Alongside these and many other community choirs, singing groups were associated with the Irish, Welsh and Scottish societies, the RSA Tinhat Club and some workplaces.
Some Māori who converted to Christianity also adopted English-style singing. At the Anglican St John’s College in Auckland in the 1840s and 1850s, Māori pupils learned to read music and were soon singing English part-songs and Mendelssohn chorales with great skill and accuracy. Some all-Māori choirs were to become prominent. Anglican clergyman Frederick Bennett established the Rotorua Maori Choir in the early 1900s. It toured the country, and members starred in New Zealand’s first feature film, Hinemoa (1914). Later it made a number of very popular recordings. Methodist minister Arthur Seamer formed the Waiata Maori Choir in the mid-1920s, and in the 1930s it toured New Zealand, Australia, the United Kingdom and India. Choral competitions were often a feature of major hui.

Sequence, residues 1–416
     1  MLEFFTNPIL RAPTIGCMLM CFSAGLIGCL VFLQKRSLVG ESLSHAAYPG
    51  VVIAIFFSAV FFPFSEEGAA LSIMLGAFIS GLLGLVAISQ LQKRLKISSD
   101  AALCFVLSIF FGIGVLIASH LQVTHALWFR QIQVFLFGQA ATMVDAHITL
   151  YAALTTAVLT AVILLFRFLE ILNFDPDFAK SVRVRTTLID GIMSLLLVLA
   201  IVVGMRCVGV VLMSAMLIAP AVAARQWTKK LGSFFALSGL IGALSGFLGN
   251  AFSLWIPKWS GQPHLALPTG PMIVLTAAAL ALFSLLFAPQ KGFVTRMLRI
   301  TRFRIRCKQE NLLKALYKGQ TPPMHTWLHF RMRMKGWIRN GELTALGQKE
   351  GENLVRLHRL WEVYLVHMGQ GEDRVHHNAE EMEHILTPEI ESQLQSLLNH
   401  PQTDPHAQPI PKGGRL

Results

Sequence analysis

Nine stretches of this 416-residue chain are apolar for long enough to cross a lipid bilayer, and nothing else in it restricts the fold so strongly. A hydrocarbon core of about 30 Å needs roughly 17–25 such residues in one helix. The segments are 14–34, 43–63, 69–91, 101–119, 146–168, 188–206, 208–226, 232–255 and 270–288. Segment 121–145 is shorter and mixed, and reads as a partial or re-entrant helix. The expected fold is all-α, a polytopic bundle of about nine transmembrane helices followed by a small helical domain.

Many children participated in school and church choirs. A notable Auckland children’s choir was conducted by broadcaster Thomas Garland. It was established after Garland and Methodist missioner Colin Scrimgeour began a non-denominational radio church, the Fellowship of the Friendly Road, in 1933. The choir sang for Sunday morning radio services and, with other choirs, gave concerts to full houses in the Auckland Town Hall until the early 1960s.
Population growth and diversification after 1945 led to the establishment of more choirs, especially in the larger cities. Choral singing received a boost from some highly qualified immigrants, notably Peter Godfrey, who after arriving from England in 1958 conducted numerous groups, including the Auckland and Wellington Anglican Cathedral choirs, Auckland’s Dorian Choir, Wellington’s Orpheus Choir, and the New Zealand Youth Choir.